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UA's Formica Files

formica journal utah

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#1 Online UtahAnts - Posted February 21 2022 - 9:07 PM

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I'm starting this thread to focus solely on my Formica colonies. Here's the original journal. At the moment, I have 5 colonies, each a different species. Identifying ants is not my strong suit, let alone Formica species. I'll list the colonies in order from largest to smallest in colony size. Colony B might not even be Formica, I'm still undecided. Hopefully as I get better pictures on this thread some people can step in and ID some of these species.

 

Colony A: Around 150 workers. Queen from my area in Utah Valley (spanish fork to provo).

Colony B: Around 50 workers. Colony from southern Utah Valley

Colony C: 30 workers, likely a subsericia group species. I found the queen in my area.

Colony D: 10 Workers. Queen from up north near Idaho

Colony E: 8 Workers. Colony from the same location as colony B

 

Colony A

 

2020 seaon

Queen was found in the 2020 season (sometime around late June). Due to toxic particles in their firebrick nest, most of the colony died off. I moved the remaining workers and queen out into one of my first home-made nests. When they came out hibernation, only four workers were left.

ant plaster coated.jpg

 

March 15 2021

I moved them into a THA mini hearth.

Attached File  IMG-0468.jpg   182.94KB   6 downloads

 

April 22

Lots of new brood!

Attached File  IMG-0789.jpg   238.68KB   6 downloads

 

May 26 

Around 30 workers now, tons of insects being eaten every day. They created a chamber of sand over their water tower, limiting sight.

Attached File  IMG-1147.jpg   183.96KB   6 downloads
 
June 4

Most of the larvae pupate

Attached File  IMG-1223.jpg   320.45KB   6 downloads
 
June 26
Large population boom, moved them into a handmade nest.
IMG-1652.jpg
IMG-1656 (1).jpg

 

August-September

No more brood, around 150 workers.

IMG_6427.JPG
IMG_6442.JPG
IMG_6431.JPG
IMG_6461.JPG

 

February 21 2022

Out of hibernation, the colony already took protien today. The areas around the water towers look dark from defecation and over hydration on my part.

Attached File  IMG-4548.jpg   307.31KB   6 downloads


Edited by UtahAnts, February 21 2022 - 9:09 PM.

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#2 Online UtahAnts - Posted April 5 2022 - 8:29 AM

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Update: 

 

Colony A (formica neorufibarbis): Around 150 workers and around 50 fat larvae

Colony B: 7 queens 50 workers, piles of eggs, larvae and pupae

Colony C (subsericea group): 30 workers, selling this colony off next week

Queen of colony D died, adding new colony in their place (2 queen 1 worker Formica subsericea)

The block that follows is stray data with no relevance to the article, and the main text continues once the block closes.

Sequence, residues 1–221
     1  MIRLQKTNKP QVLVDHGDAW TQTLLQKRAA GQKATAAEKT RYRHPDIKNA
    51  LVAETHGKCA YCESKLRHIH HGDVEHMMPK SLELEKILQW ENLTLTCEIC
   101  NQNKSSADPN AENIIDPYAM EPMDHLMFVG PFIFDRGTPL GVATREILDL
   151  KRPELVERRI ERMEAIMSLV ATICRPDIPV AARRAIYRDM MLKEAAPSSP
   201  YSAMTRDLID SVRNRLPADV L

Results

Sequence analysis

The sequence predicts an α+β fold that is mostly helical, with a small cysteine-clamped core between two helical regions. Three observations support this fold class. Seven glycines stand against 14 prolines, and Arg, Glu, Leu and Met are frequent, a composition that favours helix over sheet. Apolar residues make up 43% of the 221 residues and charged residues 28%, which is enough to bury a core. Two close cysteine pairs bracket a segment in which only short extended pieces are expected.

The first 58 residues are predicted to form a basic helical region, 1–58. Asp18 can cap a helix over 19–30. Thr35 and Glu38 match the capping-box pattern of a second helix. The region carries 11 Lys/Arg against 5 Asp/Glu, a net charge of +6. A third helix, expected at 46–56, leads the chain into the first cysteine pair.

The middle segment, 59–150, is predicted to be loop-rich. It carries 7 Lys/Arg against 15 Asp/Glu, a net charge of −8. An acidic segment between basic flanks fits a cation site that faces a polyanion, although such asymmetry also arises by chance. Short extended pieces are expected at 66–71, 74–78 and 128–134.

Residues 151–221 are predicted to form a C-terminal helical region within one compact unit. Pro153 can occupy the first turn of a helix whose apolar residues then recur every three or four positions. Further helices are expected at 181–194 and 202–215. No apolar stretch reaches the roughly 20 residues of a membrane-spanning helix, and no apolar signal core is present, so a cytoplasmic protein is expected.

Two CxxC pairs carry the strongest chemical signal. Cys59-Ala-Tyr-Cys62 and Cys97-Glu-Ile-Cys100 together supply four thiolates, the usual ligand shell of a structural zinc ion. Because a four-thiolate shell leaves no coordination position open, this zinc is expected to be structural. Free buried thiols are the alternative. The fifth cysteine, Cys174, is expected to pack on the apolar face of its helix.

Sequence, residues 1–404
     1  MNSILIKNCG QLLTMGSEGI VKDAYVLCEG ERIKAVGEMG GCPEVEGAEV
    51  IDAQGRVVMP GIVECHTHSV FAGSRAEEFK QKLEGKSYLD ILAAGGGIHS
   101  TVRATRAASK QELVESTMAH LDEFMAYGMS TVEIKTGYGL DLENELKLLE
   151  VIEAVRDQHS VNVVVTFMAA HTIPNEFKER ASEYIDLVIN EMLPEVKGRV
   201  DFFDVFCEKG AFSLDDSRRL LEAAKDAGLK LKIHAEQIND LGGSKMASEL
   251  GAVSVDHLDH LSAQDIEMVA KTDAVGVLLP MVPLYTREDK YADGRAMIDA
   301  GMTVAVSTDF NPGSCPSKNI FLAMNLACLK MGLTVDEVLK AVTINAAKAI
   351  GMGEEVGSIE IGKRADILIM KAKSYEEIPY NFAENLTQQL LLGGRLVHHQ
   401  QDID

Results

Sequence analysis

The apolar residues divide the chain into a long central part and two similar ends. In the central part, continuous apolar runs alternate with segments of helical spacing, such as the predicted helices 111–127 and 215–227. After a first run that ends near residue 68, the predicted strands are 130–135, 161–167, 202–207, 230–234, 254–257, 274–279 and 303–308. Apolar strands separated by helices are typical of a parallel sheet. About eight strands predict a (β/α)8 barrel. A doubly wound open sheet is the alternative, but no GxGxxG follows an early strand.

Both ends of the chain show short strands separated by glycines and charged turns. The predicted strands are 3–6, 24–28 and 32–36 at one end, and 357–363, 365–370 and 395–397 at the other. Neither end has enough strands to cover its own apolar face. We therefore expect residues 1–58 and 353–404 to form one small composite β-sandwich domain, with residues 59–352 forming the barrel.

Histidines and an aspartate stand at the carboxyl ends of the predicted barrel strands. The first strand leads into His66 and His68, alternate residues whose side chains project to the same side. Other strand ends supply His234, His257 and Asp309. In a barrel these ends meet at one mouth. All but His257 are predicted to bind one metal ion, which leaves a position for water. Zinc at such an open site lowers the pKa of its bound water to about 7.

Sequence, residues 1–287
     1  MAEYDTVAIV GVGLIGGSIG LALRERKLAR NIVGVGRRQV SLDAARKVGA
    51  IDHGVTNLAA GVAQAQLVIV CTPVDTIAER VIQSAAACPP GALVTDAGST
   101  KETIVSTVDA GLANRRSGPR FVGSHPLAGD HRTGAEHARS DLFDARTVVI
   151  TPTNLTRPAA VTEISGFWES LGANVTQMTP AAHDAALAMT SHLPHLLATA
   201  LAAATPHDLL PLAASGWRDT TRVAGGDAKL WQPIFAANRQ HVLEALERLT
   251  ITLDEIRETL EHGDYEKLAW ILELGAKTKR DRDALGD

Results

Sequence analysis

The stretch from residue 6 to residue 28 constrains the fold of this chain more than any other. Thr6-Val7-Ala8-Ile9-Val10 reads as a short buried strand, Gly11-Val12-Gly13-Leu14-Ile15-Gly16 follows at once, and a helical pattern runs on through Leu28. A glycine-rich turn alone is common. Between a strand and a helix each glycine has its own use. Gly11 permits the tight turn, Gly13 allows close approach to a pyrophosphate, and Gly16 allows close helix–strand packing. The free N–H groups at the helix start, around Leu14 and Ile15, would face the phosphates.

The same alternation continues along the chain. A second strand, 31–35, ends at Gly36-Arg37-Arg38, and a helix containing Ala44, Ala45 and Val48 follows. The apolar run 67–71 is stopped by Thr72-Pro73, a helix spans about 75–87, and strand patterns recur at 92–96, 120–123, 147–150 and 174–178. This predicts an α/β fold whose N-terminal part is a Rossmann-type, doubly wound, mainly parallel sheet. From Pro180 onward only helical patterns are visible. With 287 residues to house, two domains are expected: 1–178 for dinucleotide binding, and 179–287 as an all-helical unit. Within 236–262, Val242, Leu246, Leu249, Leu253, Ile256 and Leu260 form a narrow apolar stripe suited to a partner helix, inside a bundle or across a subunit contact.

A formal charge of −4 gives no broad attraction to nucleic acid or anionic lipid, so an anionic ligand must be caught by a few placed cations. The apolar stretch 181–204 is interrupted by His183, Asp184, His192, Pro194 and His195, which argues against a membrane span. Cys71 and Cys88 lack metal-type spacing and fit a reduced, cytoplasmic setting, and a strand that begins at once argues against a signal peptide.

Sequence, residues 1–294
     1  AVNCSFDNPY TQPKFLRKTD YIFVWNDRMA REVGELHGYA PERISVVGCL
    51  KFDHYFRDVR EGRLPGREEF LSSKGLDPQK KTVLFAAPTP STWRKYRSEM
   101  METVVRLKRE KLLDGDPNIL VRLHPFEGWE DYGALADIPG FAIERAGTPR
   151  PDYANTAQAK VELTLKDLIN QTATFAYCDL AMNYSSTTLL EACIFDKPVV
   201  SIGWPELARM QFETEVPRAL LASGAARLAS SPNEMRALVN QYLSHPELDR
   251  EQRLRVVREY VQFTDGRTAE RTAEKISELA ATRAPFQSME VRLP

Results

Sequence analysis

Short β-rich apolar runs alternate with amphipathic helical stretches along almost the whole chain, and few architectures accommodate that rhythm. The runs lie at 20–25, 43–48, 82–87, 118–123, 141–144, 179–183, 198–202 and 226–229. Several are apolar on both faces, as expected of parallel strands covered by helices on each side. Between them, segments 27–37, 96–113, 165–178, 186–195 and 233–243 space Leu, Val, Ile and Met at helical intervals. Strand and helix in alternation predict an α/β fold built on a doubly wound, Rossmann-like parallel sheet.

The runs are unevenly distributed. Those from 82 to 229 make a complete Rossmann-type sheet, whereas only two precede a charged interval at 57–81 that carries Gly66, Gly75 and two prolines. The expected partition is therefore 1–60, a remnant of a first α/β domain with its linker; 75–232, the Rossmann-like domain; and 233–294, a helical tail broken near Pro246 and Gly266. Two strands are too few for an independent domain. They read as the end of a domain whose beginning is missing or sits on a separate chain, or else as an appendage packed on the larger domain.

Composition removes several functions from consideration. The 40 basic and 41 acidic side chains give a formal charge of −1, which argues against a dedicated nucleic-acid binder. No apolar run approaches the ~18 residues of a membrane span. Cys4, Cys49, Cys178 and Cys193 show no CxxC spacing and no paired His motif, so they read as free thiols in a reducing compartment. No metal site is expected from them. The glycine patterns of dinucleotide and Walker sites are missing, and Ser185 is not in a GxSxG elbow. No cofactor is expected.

Colony E: 3 queens 20 Workers. Eggs and Larvae

 

Images taken 4/4/22

 

Colony A

I moved colony A, F. neorufibarbis, into a THA type 1 fortress. They are staying in the lowest chambers with all their brood, making it difficult to get clear images. As the colony grows I'll be able to get better pictures. In the mean time here's some foragers breaking a cricket up

 

IMG 7236
 
IMG 7177
 
 

Colony B

They are in a tubs and tubes setup, planning on moving them out soon

 

IMG 7168

 

 

Colony D

Lots of brood

 

Dual Formica
 
IMG 7229

Edited by UtahAnts, April 5 2022 - 8:30 AM.

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#3 Offline ANTdrew - Posted April 5 2022 - 9:10 AM

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Nice work with these!
"The ants are a people not strong, yet they prepare their meat in the summer." Prov. 30:25
Keep ordinary ants in extraordinary ways.

#4 Online UtahAnts - Posted May 18 2022 - 2:12 PM

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Update:

 

Colony A (formica neorufibarbis): Around 250 workers and brood

Colony B: 7 queens 90 workers, piles of eggs, larvae and pupae

Colony D 2 queen Formica subsericea: 10 workers and larvae

Colony E: 3 queens 30 Workers. Eggs and Larvae

 

Colony A

Starting to fill their fortress with loads of brood. It seems spring time is the main grow time for this species.

 

April: 

 

IMG 7487
 
IMG 7489
 
 

Today: Some brood in the outworld. Now the colony has basically doubled in size from the last image

 

IMG 5257
 
 

Colony B

This colony goes crazy for sugar, I opened their outworld and they freaked out becuase they had brood there. They started running around but then discovered the sugar drops. Who needs pupae anyways?

 

IMG SUGAR!

 


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#5 Online UtahAnts - Posted June 13 2022 - 12:28 PM

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Colony A (formica neorufibarbis): Around 300 workers and brood

Colony B: 6 queens 150 workers, piles of eggs, larvae and pupae

Colony D 2 queen Formica subsericea: 30 workers and larvae

Colony E: 3 queens 30 Workers. Growth seems to have stalled, it may be time to move them out of their dirt container.

NEW Colony F: Parasitic Formica species: 10 workers and host pupae along with a dozen parasite larvae.

 

Colony A

They are now using the entire fortress, I'll need a new nest for them by August so I'm planning on making them something pretty cool. One of the brood chambers, most of my colonies are now hanging brood from the ceiling, maybe to create a better humidity gradient within each chamber?

 

IMG 7802

 

 

Colony C